YouTube removes videos suggesting Parkland shooting survivor was an actor

22 Feb 2018225 Views

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YouTube on desktop. Image: JuliusKielaitis/Shutterstock

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YouTube and Facebook pulled videos alleging student David Hogg was an actor planted at the scene of the Parkland shooting.

YouTube’s trending video section usually contains movie trailers generating buzz, television segments and content from popular creators, but a video that briefly hit the top of the page on Wednesday (21 February) has raised concerns once again about the ability of existing content moderation systems to correctly categorise and remove videos.

Right-wing conspiracies on YouTube

The video in question perpetuated the right-wing conspiracy that one of the survivors of the mass shooting at Marjory Stoneman Douglas High School in Parkland, Florida, is in fact an actor. Student David Hogg appeared in the video, a 2017 news report where he discussed a video he filmed of two people having a confrontation on Redondo Beach in Los Angeles.

Uploaded on 20 February by a ‘mike. m’, the video tapped into percolating conspiracies that many of the survivors of last week’s shooting were ‘crisis actors’ hired by left-wing activists to promote certain agendas.

Searching Hogg’s name on YouTube also pulled up a large quantity of other conspiracy videos perpetuating the idea that he was a paid actor who was hired to help dismantle US legal rights to bear arms. The shooting in question left 17 Marjory Stoneman Douglas students and faculty members dead.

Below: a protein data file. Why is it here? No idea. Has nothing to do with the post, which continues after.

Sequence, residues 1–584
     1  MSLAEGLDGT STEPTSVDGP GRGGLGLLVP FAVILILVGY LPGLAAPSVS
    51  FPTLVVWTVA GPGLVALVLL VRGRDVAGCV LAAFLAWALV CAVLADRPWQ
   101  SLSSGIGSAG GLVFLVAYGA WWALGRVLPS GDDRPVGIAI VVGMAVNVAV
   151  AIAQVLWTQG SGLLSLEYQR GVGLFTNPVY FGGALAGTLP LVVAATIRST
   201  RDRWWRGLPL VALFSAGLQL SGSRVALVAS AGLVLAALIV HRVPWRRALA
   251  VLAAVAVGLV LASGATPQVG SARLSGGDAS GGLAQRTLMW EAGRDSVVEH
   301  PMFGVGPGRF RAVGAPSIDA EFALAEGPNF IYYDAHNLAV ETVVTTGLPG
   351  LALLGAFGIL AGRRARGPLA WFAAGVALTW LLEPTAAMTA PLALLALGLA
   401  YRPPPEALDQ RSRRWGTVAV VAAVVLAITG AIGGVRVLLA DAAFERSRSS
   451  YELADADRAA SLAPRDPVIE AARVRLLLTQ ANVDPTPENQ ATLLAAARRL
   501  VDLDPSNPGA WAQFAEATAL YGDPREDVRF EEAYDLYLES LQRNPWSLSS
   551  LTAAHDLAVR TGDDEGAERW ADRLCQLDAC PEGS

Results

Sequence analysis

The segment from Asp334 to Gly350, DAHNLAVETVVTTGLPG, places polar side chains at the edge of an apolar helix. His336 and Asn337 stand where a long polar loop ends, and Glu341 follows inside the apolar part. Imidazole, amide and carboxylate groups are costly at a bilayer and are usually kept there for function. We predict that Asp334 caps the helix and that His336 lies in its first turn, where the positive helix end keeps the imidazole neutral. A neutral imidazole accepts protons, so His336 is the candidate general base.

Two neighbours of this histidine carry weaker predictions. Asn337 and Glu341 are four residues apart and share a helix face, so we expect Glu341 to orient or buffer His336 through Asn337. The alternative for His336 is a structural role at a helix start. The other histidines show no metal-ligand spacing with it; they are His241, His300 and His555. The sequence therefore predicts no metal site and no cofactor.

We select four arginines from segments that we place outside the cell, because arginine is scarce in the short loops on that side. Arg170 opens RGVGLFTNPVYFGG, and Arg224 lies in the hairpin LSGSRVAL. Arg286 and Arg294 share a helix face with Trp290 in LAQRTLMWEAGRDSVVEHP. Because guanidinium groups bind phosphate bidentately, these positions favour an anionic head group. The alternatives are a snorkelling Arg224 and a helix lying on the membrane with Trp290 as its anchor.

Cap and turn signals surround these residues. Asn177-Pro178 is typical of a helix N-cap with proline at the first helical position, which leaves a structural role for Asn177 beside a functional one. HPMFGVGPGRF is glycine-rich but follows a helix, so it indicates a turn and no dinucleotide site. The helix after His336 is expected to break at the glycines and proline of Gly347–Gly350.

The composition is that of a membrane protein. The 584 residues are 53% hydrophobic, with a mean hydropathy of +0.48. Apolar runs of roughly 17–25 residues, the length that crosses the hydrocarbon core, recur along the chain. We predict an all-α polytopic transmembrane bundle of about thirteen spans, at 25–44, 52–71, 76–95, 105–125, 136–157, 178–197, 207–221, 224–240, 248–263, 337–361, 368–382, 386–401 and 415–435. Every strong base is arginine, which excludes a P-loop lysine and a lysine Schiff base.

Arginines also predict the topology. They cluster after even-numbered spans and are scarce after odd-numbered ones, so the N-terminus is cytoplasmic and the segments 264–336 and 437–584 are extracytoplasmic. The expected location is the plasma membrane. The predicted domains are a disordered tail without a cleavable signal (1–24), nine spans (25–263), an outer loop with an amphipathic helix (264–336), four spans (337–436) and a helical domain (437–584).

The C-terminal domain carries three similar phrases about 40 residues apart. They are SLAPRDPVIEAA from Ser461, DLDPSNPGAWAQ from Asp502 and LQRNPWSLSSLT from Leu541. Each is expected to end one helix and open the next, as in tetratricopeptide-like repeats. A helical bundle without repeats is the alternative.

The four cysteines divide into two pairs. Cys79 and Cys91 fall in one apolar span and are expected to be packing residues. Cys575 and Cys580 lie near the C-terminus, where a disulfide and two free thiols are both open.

Many of the comments on the video uploaded by ‘mike. m’ accuse George Soros and news network CNN of planting Hogg at the scene to vilify gun ownership.

Systemic problems

A YouTube spokesperson stated: “This video should never have appeared in Trending. Because the video contained footage from an authoritative news source, our system misclassified it.

“As soon as we became aware of the video, we removed it from Trending and from YouTube for violating our policies. We are working to improve our systems moving forward.”

When asked about why further baseless conspiracy videos were widely available by searching its platform, the YouTube spokesperson explained that the site’s recently changed search algorithm is not always accurate.

It explained that in some circumstances, these changes are not working quickly enough. “In addition, last year we updated the application of our harassment policy to include hoax videos that target the victims of these tragedies.

“Any video flagged to us that violates this policy is reviewed and then removed. We’re committed to making more improvements throughout 2018 to make these tools faster, better and more useful to users,” the representative said.

Many of the videos have now been removed at the time of writing.

Facebook sees similar issues

Facebook also saw several videos in its trending topics section regarding the conspiracy around David Hogg.

Mary deBree, head of content policy at Facebook, said: “Images that attack the victims of last week’s tragedy in Florida are abhorrent. We are removing this content from Facebook.”

This issue exemplifies the deep problems with trending topic sections on websites and platforms that see hundreds of thousands of posts uploaded per day. Both YouTube and Facebook have pledged to improve their flagging systems and Twitter is also introducing changes, but it is a deeply complex web of problems to solve.

YouTube on desktop. Image: JuliusKielaitis/Shutterstock

Ellen Tannam is a writer covering all manner of business and tech subjects

editorial@siliconrepublic.com